The Australian government’s battle with a widening budget deficit is set to worsen over the next decade. At a minimum, it will put an end to any talks of budget surpluses indefinitely.
Few, if any, of us needed reminders about the rotten state of the budget. We know the government faces difficult challenges. The brave face the Coalition put on earlier in the year has worn off. And the brief optimism that followed the May budget has all but faded. The deficit situation is getting worse, and much faster than the government first
Fixing the budget
Just how the government plans on fixing the budget is anyone’s guess. And it doesn’t help matters when they make confusing statements removed from reality.
Take Treasurer Scott Morrison’s recent announcement as an example. He publicised that any new government spending would be ‘fully offset’. By what? Taxes?
Taxes seem like the likeliest option. Or so you’d think. When government has a revenue problem, tax hikes usually follow. Otherwise, the government risks falling further into debt.
But taxes aren’t the answer, if we take Morrison on his word. He believes restoring the budget to surplus won’t require higher taxes:
‘Such policies favoured by [Labor] will only serve to [slow] growth and the revenue that flows from a growing economy.’
Or so he says. Yet in an era of weak revenue growth, what alternative does Mr Morrison propose?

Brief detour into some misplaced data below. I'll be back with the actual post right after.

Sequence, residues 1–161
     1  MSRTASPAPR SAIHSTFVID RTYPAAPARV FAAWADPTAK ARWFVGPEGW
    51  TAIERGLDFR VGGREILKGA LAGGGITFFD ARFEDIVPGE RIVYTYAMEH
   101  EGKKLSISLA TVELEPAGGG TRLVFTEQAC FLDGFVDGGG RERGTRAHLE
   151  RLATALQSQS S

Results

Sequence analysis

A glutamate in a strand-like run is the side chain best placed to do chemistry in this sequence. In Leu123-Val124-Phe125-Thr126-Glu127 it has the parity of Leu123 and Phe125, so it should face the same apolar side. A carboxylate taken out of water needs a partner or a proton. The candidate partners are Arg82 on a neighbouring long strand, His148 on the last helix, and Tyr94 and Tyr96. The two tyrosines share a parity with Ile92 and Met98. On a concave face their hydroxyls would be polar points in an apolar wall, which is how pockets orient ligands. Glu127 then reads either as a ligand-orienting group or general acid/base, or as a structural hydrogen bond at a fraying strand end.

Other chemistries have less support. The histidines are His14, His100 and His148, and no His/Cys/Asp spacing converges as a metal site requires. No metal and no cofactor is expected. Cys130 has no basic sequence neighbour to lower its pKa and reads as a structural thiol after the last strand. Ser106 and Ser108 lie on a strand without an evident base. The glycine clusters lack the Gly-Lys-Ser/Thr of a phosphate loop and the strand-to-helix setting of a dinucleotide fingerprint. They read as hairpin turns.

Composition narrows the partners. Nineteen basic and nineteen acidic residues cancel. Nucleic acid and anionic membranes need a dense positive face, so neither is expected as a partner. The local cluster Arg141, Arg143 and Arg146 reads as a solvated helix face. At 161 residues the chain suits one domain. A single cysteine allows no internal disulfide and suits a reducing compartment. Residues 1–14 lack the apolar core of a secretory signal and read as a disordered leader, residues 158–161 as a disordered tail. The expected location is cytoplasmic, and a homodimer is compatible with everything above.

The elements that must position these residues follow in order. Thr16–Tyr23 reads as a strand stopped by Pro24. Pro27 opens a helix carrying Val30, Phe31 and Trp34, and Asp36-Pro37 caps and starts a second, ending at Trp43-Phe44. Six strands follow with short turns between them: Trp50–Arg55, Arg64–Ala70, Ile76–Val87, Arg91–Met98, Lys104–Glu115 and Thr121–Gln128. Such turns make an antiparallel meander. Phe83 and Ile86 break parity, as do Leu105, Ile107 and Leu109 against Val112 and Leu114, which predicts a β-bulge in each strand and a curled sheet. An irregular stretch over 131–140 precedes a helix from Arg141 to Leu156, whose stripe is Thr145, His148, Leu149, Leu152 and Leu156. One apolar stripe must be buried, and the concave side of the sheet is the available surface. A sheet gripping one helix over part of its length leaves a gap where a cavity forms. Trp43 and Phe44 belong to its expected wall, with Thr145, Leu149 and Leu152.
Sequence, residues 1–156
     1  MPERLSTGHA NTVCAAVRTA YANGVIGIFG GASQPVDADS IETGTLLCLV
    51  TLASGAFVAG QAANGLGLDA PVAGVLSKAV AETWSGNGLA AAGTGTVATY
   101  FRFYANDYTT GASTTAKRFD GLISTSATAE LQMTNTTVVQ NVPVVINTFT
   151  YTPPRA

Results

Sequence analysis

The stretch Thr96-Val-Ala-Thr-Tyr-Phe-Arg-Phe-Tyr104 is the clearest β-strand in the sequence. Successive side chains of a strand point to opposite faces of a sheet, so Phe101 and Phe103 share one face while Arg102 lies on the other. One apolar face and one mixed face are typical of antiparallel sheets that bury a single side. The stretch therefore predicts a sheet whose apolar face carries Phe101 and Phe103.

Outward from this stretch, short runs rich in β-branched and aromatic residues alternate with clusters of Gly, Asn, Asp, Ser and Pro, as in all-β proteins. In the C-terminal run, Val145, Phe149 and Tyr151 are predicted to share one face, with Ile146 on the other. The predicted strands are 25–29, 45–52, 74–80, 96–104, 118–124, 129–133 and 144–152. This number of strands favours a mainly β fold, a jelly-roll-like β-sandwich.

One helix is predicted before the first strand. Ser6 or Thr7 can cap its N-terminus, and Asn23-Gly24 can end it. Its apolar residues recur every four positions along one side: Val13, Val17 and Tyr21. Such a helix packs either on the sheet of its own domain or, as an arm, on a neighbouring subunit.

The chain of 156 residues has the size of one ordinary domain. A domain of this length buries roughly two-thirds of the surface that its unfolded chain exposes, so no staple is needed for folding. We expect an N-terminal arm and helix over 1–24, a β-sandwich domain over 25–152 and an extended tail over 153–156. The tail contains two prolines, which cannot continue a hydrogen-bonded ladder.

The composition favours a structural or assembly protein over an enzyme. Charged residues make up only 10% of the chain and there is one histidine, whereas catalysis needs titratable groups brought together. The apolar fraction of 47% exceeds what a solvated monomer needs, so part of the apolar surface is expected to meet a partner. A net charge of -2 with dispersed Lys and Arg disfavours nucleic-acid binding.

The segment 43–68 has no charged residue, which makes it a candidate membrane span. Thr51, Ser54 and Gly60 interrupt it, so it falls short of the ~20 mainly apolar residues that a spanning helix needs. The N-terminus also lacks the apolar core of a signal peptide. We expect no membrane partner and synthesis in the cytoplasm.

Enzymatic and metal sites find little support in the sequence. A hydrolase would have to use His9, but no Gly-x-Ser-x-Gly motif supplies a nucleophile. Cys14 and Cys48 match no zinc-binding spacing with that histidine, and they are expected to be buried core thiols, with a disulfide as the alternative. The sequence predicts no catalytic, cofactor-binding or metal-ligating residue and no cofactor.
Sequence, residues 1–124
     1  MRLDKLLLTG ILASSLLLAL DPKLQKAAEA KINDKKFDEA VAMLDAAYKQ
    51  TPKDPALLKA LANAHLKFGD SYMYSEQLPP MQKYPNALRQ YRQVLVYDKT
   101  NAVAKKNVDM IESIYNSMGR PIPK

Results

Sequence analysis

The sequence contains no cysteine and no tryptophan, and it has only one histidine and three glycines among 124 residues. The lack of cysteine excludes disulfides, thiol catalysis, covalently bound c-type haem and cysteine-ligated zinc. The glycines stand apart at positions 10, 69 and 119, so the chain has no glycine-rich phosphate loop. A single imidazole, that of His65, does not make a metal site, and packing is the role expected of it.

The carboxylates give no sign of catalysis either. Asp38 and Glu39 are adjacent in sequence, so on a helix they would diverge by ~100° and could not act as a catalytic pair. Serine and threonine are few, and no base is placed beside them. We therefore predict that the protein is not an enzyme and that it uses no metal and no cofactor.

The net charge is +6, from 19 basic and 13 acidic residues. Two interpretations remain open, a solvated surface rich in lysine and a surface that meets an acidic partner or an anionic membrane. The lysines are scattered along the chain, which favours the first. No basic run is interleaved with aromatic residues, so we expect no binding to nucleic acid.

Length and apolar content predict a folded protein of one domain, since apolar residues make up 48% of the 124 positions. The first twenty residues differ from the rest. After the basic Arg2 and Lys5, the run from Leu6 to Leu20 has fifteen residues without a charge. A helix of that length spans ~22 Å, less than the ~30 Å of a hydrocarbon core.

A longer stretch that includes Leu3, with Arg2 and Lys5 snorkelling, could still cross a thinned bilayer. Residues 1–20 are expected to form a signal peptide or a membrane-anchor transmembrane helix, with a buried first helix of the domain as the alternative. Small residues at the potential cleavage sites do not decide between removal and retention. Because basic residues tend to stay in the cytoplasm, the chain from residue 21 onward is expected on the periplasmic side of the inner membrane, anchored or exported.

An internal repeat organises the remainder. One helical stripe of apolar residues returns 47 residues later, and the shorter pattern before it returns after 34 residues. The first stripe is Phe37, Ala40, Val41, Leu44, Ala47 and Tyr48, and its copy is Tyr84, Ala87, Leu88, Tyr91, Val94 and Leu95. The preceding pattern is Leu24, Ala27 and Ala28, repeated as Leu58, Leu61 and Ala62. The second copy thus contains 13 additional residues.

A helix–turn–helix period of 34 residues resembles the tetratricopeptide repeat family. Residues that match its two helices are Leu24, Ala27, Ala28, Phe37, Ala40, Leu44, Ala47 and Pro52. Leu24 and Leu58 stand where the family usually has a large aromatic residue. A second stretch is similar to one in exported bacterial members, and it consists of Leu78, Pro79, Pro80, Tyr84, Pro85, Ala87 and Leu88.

Taxes are the only way the government can fix its bottom line. The only realistic way, anyway. Any alternative is not only hopeful, but wholly unrealistic. If the government expects businesses to come to the rescue, they’ll be waiting a while. Business spending remains weak on the back of slack mining investment. And, while non-mining sectors are seeing growth, it’s not enough to offset mining cutbacks.
Maybe Mr Morrison is alluding to debt driven spending instead? That’s a likely answer as any. Budget experts predict national debt doubling over the next four years. Net debt currently sits at $250 billion, or 15% of GDP. By 2019, it’s expected to hit $400 billion. That would equate to roughly 20% of projected GDP.
If Morrison isn’t looking to taxes as a solution, then debt will have to do. What other option is there? There isn’t any. The government can deny it all it wants. But taxes will form a key plank of any future budget reduction plans.
In recent weeks, we’ve seen some of these proposed plans hit snags. The biggest story of late is a lack of statewide agreement on GST taxes.
It remains likely that, eventually, the GST will rise to 15%. That’d represent a 5% increase on the current rate. But it needs broad based state approval, which is proving easier said than done.
You can take your pick though. From GST hikes, to super taxes and other state levies, something will have to give.
Over the next five years, the effects of all this could leave GDP trailing lower than expected. In its May budget, the government estimated annual growth rates of 3.5% to 2019. But it’s clear the actual rate will likely fall closer in line with 3%. And even that’s not guaranteed. Until the economy weens itself off mining, it could find a home at 2.5% growth.
What does this mean? If nothing else, it’ll make any return to surplus difficult at best. As we head towards an election next year, the budget will cause a few sleepless nights for Mr Turnbull.
In truth, he’d be better off calling an early election. The longer he puts it off, the worse his deficit nightmare is likely to get.
Junior Analyst, Markets and Money
PS: Weak growth rates are likely to force the Reserve Bank to lower interest rates again in early 2016. Markets and Money’s Phillip J. Anderson says rates are likely to remain at record lows for a long time.
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